Archive for Wednesday, December 28, 2005

Novel approach

December 28, 2005

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To the editor:

Discussion about the removal of novels from the curriculum has recently been revived, and I believe it would be beneficial for adults to hear the opinions of students such as myself. I read avidly, take advanced English classes and have read several of the questioned novels.

While I understand the desire for parents to protect their children, I don't understand the need to remove books from the curriculum. If parents don't want their child to study a novel, they can ask the teacher for an alternative assignment. Parents cannot decide what's suitable for another child and shouldn't be allowed to deny every child the opportunity to read and discuss the novel in a classroom. That decision rests within each individual parent and child.

The classroom is the best setting to read novels. Discussion is created and it's understood why scenes portrayed and words used are included. By reading these novels with a class, the novel is more effectively comprehended.

Novels are taught for a purpose. Whether they point out the horrors of slavery (Toni Morrison's "Beloved"), satirize racism (Mark Twain's "The Adventures of Huckleberry Finn"), or show a family's struggle to survive (John Steinbeck's "Grapes of Wrath"), they're in the curriculum for a reason. Teachers aren't attempting to corrupt America's youth; they're trying to teach us about important issues.

We shouldn't be told we cannot read a book because it is "questionable." We should be allowed to read the novel and decide how we are going to learn from it.

Kate Mather,

Lawrence

Comments

mefirst 9 years, 5 months ago

Excellent point. Besides, what great thinkers weren't questionable? Is the Bible not questionable?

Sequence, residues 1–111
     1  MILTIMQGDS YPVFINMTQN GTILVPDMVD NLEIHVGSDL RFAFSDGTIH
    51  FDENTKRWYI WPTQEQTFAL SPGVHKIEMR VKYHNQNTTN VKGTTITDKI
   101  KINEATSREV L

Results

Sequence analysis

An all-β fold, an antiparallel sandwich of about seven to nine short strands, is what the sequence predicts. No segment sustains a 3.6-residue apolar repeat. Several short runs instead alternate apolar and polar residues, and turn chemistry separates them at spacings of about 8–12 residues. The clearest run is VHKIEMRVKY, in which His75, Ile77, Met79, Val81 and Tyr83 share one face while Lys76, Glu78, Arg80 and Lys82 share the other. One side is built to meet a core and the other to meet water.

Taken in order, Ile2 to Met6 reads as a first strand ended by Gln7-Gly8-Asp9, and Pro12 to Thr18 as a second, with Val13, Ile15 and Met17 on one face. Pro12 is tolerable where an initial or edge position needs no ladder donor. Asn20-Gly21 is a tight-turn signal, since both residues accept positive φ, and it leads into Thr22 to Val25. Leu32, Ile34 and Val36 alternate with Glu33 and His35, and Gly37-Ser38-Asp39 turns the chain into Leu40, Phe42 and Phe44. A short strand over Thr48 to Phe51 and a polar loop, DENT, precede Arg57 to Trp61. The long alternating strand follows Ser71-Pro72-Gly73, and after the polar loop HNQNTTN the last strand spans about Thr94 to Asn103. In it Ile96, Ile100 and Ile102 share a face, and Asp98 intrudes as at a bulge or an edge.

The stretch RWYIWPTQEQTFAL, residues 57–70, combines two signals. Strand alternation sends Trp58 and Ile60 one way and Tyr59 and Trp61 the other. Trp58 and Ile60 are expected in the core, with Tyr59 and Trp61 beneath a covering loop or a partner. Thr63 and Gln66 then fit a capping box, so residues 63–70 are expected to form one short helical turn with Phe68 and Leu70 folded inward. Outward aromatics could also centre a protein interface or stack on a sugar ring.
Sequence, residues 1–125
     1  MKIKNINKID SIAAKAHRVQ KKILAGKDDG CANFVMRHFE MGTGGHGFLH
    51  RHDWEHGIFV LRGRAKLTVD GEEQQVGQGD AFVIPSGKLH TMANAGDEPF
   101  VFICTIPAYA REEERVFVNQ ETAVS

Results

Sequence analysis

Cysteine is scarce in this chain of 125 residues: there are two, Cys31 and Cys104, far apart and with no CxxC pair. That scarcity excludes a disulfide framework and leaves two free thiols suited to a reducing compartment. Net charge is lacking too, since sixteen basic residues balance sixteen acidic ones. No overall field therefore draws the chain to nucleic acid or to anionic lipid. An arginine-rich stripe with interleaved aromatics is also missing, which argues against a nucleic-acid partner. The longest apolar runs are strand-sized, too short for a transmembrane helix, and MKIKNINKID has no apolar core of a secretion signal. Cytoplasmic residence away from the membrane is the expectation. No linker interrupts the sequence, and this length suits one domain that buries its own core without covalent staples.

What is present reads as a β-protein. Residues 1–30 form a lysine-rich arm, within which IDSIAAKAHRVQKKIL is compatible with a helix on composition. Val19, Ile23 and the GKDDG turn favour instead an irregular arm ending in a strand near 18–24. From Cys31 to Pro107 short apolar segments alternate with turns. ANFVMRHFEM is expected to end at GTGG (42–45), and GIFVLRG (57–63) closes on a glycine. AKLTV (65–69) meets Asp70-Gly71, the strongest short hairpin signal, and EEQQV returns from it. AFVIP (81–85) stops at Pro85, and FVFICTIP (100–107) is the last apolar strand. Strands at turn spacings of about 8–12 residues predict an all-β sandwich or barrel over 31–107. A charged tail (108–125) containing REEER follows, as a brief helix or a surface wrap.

sweetpeagj 9 years, 5 months ago

I could understand if the schools wanted the kids to read crap work but all the books are classics and great examples of literature at it's best. Maybe it is some of the values that you mentioned Kate that they don't want their children to acknowledge

DuQuesne 9 years, 5 months ago

Thank you, Kate, for helping keep alive the hope that the next generation will be up to the task when it's time for them to take the society's helm. You're absolutely correct, too, when you say the classroom is the best setting to read novels. If you watch and listen closely, I think you'll find that most of the parents who object to particular books are the same ones who WILL NOT take up a discussion of the material contained in them in their own home. I have been personally acquainted with several parents who simply were not equipped to participate in such discussions; We hire teachers to teach and to help students learn not so we'll have someone to blame. -Schuyler Duquesne

DebaterDani 9 years, 5 months ago

Kate, you are absolutely correct, because you have just stated what every single student I have talked to has said. I actually said those very things on the community forum, but you were the one who published them. Great job, and once again, thank you for showing people the light and the right way to go about this topic.

It isn't the parent's position to determine what we read and do not read, because EVERYTHING is infact controversial if you think about it, and the only works worth reading are those that pose some "threat" if you will, to a person's thinking. The works that teachers choose are meant to make us think about society as it is now and compare it to what these authors are saying.

School is for us to learn, and how can we learn if we are subjected to restrictions? Learning is not about restrictions and no teacher has ever said that before...why start now?

The reasons parents want to rid our curriculum of these books, are the reasons I actually read them for school, and why the teachers choose them. If I can't learn about these important subjects in high school, is that going to change how college and life are for me? Parents are so worried about their child's mind, that they don't take into account other situations, other than reading, that their kids are in. They are just scapegoating something else, but the something they are scapegoating now, is something worse listening to: Literature.

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